|Dina Isaakovna Kaminskaya|
|Native name||Дина Исааковна Каминская|
January 13, 1919|
|Died||July 7, 2006
Falls Church, Virginia
|Citizenship||Soviet Union, United States|
|Known for||human rights activism with participation in the Moscow Helsinki Group|
|Movement||dissident movement in the Soviet Union|
|Children||Dimitri K. Simes|
Dina Isaakovna Kaminskaya (Russian: Ди́на Иса́аковна Ками́нская, 13 January 1919, Yekaterinoslav – 7 July 2006, Falls Church, Virginia) was a lawyer and human rights activist in the Soviet Union who was forced to emigrate in 1977 to avoid arrest. She and her husband moved to the United States. She was born in Yekaterinoslav.
The writer Yuli Daniel engaged Kaminskaya as his lawyer when, in December 1965, he was prosecuted with Andrei Sinyavsky, but the state refused to allow her to speak up in court on his behalf. She went on to defend - as far as the Soviet authorities would let her in a legal system designed as an instrument of Soviet power - Vladimir Bukovsky in 1967. She also defended Yuri Galanskov (who would die in a Soviet labour camp), Anatoly Marchenko (who would also die in camp), Larisa Bogoraz and Pavel Litvinov, and the Crimean Tatar activist Mustafa Jemilev.
Kaminskaya was prevented from defending Bukovsky in his 1971 trial and Sergei Kovalyov in 1975. In 1977, after being stripped of her license to practice as a lawyer, she was barred from defending Anatoly Shcharansky. On account of her political defense work Kaminskaya was forced into exile in 1977.
Singer Yuly Kim estimated the efforts and honesty of Dina Kaminskaya and very few other defenders who insisted that there is no any criminal element in actions of their clients accused in anti-Soviet propaganda.
Kaminskaya's book Final Judgment: my life as a Soviet defense attorney translated by Michael Glenny was published in English in 1982. In 1984, the book was published in Russian under the title Lawyer's Notes.
- Neurwirth, Jessika (1987–1988). "Address given at the fourth annual international law symposium". Whittier Law Review. 9: 399.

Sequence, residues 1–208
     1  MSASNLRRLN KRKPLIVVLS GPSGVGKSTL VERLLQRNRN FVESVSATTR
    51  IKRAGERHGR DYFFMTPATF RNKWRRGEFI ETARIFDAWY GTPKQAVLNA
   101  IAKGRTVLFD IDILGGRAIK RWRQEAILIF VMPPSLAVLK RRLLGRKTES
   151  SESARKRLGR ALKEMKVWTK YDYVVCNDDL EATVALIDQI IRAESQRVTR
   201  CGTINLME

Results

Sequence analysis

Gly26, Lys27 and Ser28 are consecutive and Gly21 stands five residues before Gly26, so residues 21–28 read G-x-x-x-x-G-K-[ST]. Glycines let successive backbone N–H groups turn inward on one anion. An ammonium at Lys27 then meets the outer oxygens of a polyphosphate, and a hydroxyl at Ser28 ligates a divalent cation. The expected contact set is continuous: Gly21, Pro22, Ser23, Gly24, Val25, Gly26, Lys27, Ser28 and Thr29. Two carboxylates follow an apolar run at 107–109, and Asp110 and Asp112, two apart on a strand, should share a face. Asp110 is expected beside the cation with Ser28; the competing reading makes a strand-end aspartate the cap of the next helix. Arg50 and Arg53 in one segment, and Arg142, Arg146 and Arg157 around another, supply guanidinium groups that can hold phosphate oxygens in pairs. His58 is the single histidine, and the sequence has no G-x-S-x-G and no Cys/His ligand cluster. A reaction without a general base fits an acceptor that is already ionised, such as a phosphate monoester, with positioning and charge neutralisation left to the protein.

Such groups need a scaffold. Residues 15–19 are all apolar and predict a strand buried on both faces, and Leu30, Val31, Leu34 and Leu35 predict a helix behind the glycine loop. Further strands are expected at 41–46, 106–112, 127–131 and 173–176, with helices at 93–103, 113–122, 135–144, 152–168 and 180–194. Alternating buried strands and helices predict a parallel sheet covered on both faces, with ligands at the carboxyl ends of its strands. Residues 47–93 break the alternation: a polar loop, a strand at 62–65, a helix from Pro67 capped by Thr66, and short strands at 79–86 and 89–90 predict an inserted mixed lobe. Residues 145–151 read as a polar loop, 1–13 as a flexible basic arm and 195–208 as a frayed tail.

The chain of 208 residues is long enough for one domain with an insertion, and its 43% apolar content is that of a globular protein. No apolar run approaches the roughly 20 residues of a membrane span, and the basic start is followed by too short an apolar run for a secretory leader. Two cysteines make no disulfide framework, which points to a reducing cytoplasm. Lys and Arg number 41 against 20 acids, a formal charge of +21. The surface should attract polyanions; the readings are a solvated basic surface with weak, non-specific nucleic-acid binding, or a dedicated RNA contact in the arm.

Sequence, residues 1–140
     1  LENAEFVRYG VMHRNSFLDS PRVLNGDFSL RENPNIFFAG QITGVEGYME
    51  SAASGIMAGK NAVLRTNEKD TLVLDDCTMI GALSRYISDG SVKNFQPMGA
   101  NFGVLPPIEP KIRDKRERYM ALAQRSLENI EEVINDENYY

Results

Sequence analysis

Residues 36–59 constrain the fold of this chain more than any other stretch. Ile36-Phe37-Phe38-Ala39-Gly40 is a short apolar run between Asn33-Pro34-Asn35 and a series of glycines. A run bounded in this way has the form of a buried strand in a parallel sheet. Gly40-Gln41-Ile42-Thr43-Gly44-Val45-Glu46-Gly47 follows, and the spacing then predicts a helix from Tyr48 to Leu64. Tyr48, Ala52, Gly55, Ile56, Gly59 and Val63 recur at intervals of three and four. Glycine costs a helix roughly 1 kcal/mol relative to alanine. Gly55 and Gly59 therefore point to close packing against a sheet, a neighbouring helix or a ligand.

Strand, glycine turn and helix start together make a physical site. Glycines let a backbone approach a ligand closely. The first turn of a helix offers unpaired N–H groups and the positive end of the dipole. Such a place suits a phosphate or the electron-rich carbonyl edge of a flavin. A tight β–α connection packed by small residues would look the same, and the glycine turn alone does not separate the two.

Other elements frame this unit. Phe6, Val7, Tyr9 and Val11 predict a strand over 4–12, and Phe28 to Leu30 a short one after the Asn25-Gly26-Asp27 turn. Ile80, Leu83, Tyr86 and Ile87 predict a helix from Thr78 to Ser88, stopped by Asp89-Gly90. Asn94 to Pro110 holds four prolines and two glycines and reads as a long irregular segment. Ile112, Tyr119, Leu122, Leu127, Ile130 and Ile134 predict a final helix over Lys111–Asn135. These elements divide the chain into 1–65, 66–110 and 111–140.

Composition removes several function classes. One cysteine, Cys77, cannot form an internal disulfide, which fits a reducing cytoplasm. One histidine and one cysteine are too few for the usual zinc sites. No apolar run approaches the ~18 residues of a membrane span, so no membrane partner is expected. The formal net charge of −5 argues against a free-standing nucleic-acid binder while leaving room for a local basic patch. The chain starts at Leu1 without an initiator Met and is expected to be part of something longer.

- Kim, Yuly. "Удивительная женщина (статья с текстом "Адвокатского вальса")" [Wonderful woman. (An article with the text of Advocatory waltz)] (in Russian). Memorial.
- Kaminskaya, Dina (1982). Final judgment: my life as a Soviet defense attorney. Trans. Michael Glenny. New York: Simon & Schuster. ISBN 0671247395.
- "Final judgment: my life as a Soviet defense attorney by Dina Kaminskaya". Michigan Law Review. 82 (4): 902–905. February 1984. JSTOR 1288692. doi:10.2307/1288692.
- Каминская, Дина (1984). Записки адвоката [Lawyer's notes] (in Russian). Benson, Vermont: Khronika Press.
- "ЗВЕЗДЫ АДВОКАТУРЫ", Ежедневные НОВОСТИ (newspaper), Владивосток (in Russian)
- Moscow Helsinki Group, Public Group of the Assistance of the Implementation of Helsinki Accords in the USSR, Moscow Group “Helsinki”
- Giganty i Charodei Slova. Russkie Sudebnye Oratory Vtoroi Poloviny XIX. Nachala XX Veka by V. I. Smolyarchuk
- Holley, Joe (15 July 2006). "Dina Kaminskaya; lawyer defended Soviet dissidents". Washington Post. p. B06.
- Blake, Patricia (2 May 1983). "Law: verdict on Soviet justice". Time.
- Corley, Felix (3 August 2006). "Dina Kaminskaya. Lawyer to Soviet dissidents". The Independent.
- Каминская, Дина (2009). Записки адвоката [Lawyer's Notes] (PDF) (in Russian). Moscow: Новое издательство. ISBN 5983791192. Archived (PDF) from the original on 19 November 2015.